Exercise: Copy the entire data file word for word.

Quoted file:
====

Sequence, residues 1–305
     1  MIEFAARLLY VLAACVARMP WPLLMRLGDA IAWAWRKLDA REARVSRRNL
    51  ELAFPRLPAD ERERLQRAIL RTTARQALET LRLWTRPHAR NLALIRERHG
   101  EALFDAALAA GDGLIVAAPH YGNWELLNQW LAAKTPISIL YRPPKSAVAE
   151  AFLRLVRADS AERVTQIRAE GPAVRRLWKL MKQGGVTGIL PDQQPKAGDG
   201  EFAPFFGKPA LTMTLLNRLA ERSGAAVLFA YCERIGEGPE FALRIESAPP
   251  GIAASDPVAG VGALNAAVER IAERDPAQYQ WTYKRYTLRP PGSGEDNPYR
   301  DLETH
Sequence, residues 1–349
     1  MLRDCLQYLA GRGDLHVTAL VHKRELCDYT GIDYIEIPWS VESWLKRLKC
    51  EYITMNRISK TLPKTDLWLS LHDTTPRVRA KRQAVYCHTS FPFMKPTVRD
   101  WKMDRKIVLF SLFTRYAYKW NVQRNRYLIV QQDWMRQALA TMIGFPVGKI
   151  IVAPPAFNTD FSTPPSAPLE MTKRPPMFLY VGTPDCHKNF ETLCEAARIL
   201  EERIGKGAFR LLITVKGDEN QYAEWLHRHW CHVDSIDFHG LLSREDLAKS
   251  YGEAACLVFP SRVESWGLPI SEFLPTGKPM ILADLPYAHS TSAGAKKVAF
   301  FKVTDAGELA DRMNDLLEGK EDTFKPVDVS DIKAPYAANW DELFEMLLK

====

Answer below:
Sequence, residues 1–305
     1  MIEFAARLLY VLAACVARMP WPLLMRLGDA IAWAWRKLDA REARVSRRNL
    51  ELAFPRLPAD ERERLQRAIL RTTARQALET LRLWTRPHAR NLALIRERHG
   101  EALFDAALAA GDGLIVAAPH YGNWELLNQW LAAKTPISIL YRPPKSAVAE
   151  AFLRLVRADS AERVTQIRAE GPAVRRLWKL MKQGGVTGIL PDQQPKAGDG
   201  EFAPFFGKPA LTMTLLNRLA ERSGAAVLFA YCERIGEGPE FALRIESAPP
   251  GIAASDPVAG VGALNAAVER IAERDPAQYQ WTYKRYTLRP PGSGEDNPYR
   301  DLETH
Sequence, residues 1–349
     1  MLRDCLQYLA GRGDLHVTAL VHKRELCDYT GIDYIEIPWS VESWLKRLKC
    51  EYITMNRISK TLPKTDLWLS LHDTTPRVRA KRQAVYCHTS FPFMKPTVRD
   101  WKMDRKIVLF SLFTRYAYKW NVQRNRYLIV QQDWMRQALA TMIGFPVGKI
   151  IVAPPAFNTD FSTPPSAPLE MTKRPPMFLY VGTPDCHKNF ETLCEAARIL
   201  EERIGKGAFR LLITVKGDEN QYAEWLHRHW CHVDSIDFHG LLSREDLAKS
   251  YGEAACLVFP SRVESWGLPI SEFLPTGKPM ILADLPYAHS TSAGAKKVAF
   301  FKVTDAGELA DRMNDLLEGK EDTFKPVDVS DIKAPYAANW DELFEMLLK